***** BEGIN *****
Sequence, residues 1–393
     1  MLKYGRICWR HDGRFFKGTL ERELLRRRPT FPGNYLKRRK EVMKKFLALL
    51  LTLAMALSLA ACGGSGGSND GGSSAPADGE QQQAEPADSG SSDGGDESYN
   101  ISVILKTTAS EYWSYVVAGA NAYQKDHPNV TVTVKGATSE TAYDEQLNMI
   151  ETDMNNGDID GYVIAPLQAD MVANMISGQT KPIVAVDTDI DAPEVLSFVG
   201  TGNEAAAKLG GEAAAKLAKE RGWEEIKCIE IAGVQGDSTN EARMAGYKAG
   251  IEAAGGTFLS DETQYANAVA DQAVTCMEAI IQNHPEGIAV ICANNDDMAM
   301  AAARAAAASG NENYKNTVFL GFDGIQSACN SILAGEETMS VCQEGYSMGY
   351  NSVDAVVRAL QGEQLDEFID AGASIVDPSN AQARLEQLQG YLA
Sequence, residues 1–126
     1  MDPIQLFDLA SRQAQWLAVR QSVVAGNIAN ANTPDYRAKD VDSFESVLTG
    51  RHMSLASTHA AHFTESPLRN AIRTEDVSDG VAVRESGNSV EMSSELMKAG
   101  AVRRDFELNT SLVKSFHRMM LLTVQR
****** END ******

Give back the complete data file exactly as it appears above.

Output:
Sequence, residues 1–393
     1  MLKYGRICWR HDGRFFKGTL ERELLRRRPT FPGNYLKRRK EVMKKFLALL
    51  LTLAMALSLA ACGGSGGSND GGSSAPADGE QQQAEPADSG SSDGGDESYN
   101  ISVILKTTAS EYWSYVVAGA NAYQKDHPNV TVTVKGATSE TAYDEQLNMI
   151  ETDMNNGDID GYVIAPLQAD MVANMISGQT KPIVAVDTDI DAPEVLSFVG
   201  TGNEAAAKLG GEAAAKLAKE RGWEEIKCIE IAGVQGDSTN EARMAGYKAG
   251  IEAAGGTFLS DETQYANAVA DQAVTCMEAI IQNHPEGIAV ICANNDDMAM
   301  AAARAAAASG NENYKNTVFL GFDGIQSACN SILAGEETMS VCQEGYSMGY
   351  NSVDAVVRAL QGEQLDEFID AGASIVDPSN AQARLEQLQG YLA
Sequence, residues 1–126
     1  MDPIQLFDLA SRQAQWLAVR QSVVAGNIAN ANTPDYRAKD VDSFESVLTG
    51  RHMSLASTHA AHFTESPLRN AIRTEDVSDG VAVRESGNSV EMSSELMKAG
   101  AVRRDFELNT SLVKSFHRMM LLTVQR